Langdon replies, “I bet your pardon?”

The agent motions to the Tower: “She is lovely, no? Have you mounted her?”

I’m not making this up.


For the record, at the end of chapter 3 (page 20), I wrote, “He needs a cohort,” which can be interpreted to mean either a partner or a romantic interest. Of course, in this book, she’s going to end up being both, but there’s certainly no need to wait any longer to introduce her.


We watched The Adjustment Bureau last night, which was wildly disappointing, in part because the rules they established were both necessary and arbitrary. I won’t give too much away, but I will say that the mysterious figures in this movie should suffer from the same phobia as the Wicked Witch of the West, who is also undone by a pretty silly weakness, if you ask me. (In fairness, I’ve not read either the Frank L. Baum series or the Philip K. Dick story on which The Adjustment Bureau is based, which might explain these limitations more satisfactorily than the movies do.)

The best thing I can say about The Adjustment Bureau is that it got Leu and me talking about the necessity of weaknesses in characters and the degree to which they either work or don’t. Personally, I rather like the notion of an “Achilles heel,” for example, because there’s a kind of logic that guides dipping someone in the River Styx. You have to hold him somewhere, which means that something ain’t getting dipped. (By the way, is the Green Lantern really bothered by the color yellow? Please tell me this isn’t true.)

Thinking about it now, I would say that Hitchcock handled Jimmy Stewart’s character in Vertigo about as well as you can, which is to say that his weakness, which prevented him from acting earlier, had to be overcome in order for him to behave heroically in the end.

I'm not breaking any news here. This is a guiding tenet of stories for all time: You get a second chance, and this time you'd better not fuck it up.

Brown introduces Robert Langdon’s weakness in chapter 4: He’s claustrophobic. Once he arrives at the museum, he has to take an elevator. Brown writes, “Langdon exhaled, turning a longing glance back up the open-air escalator. Nothing’s wrong at all, he lied to himself, trudging back toward the elevator. As a boy, Langdon had fallen down an abandoned well shaft and almost died treading water in the narrow space for hours before being rescued. Since then, he’d suffered a haunting phobia of enclosed spaces—elevators, subways, squash courts. The elevator is a perfectly safe machine, Langdon continually told himself, never believing it. It’s a tiny metal box hanging in an enclosed shaft! Holding his breath, he stepped into the lift, feeling the familiar tingle of adrenaline as the door slid shut.”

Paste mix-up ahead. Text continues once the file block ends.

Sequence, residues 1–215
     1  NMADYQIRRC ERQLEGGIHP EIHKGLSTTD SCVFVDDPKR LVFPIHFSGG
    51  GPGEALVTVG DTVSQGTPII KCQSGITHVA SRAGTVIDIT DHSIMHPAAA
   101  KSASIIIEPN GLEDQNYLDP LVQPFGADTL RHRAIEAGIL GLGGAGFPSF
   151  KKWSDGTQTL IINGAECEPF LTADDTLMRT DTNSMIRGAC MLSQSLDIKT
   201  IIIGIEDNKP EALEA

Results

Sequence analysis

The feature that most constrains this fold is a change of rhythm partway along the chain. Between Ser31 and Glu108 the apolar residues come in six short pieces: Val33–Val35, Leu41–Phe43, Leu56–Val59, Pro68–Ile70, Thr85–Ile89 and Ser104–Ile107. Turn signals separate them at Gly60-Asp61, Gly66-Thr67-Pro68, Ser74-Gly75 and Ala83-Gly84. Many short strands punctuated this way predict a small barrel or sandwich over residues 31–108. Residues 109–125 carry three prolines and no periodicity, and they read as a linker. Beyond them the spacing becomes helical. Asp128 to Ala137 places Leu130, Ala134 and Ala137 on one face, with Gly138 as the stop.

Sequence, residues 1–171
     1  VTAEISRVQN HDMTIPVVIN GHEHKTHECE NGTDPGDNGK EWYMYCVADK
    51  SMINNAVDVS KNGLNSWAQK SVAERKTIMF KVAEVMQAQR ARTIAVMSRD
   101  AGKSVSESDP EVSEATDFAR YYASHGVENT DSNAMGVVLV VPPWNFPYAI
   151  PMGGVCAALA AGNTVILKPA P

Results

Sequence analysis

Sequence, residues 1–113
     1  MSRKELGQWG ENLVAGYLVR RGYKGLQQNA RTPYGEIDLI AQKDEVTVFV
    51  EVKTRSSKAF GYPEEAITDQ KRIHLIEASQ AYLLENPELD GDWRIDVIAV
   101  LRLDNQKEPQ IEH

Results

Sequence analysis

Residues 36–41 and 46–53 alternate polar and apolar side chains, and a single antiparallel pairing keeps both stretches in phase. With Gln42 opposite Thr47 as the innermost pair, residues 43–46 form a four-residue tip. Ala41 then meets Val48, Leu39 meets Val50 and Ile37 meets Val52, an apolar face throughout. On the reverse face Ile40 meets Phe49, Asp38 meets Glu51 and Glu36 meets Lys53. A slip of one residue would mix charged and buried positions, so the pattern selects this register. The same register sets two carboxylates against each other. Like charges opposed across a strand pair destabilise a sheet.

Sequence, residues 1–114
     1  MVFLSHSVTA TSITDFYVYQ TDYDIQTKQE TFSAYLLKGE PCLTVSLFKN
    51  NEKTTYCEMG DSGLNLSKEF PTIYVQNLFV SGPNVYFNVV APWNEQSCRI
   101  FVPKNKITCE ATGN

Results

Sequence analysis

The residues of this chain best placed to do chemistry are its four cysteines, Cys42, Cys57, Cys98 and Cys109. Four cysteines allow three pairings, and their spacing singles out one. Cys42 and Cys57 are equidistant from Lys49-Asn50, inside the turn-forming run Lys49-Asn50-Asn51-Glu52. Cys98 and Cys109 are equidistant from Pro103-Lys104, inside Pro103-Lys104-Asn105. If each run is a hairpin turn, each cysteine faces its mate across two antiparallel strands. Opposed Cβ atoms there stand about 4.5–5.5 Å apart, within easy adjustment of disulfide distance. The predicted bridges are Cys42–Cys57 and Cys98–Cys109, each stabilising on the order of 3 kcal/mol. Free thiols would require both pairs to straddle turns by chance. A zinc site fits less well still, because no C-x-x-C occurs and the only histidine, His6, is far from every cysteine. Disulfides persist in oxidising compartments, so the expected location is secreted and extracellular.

I mean, obviously, so much is made of this moment that the climax of the book must feature Langdon mastering this fear in order to win the girl and save the world, right?


P.S. “Squash courts” is supposed to be funny, isn’t it?

Any hero's greatest fear.

Tuesday, July 26, 2011

DaInterlude: More Introductions

I had so much fun sifting through introductory paragraphs for the first post on The DaVinci Code that I thought I would list some that didn't crack the top two.

I know this blog hasn't been the most interactive endeavor--that one shot at a poll died a merciful death--but I would be curious to see what kinds of opening paragraphs you, dear readers, find compelling, so do feel free to share in the comments section below and I'll post.

I'm refraining from commentary, as I think the introductions speak for themselves, but you do not need to demonstrate such restraint.

So, some more of my faves:

“They shoot the white girl first. With the rest they can take their time. No need to hurry out here. They are seventeen miles from a town which has ninety miles between it and any other. Hiding places will be plentiful in the Convent, but there is time and the day has just begun.”

“When I finally caught up with Abraham Trahearne, he was drinking beer with an alcoholic bulldog named Fireball Roberts in a ramshackle joint just outside of Sonoma, California, drinking the heart right out of a fine spring afternoon.”

“Corduroy is a bear who once lived in the toy department of a big store. Day after day he waited with all the other animals and dolls for somebody to come along and take him home.”

“Tuesday, September 11, 2001, dawned temperate and nearly cloudless in the eastern United States.  Millions of men and women readied themselves for work. Some made their way to the Twin Towers, the signature structures of the World Trade Center complex in New York City. Others went to Arlington, Virginia, to the Pentagon. Across the Potomac River, the United States Congress was back in session. At the other end of Pennsylvania Avenue, people began to line up for a White House tour. In Sarasota, Florida, President George W. Bush went for an early morning run.”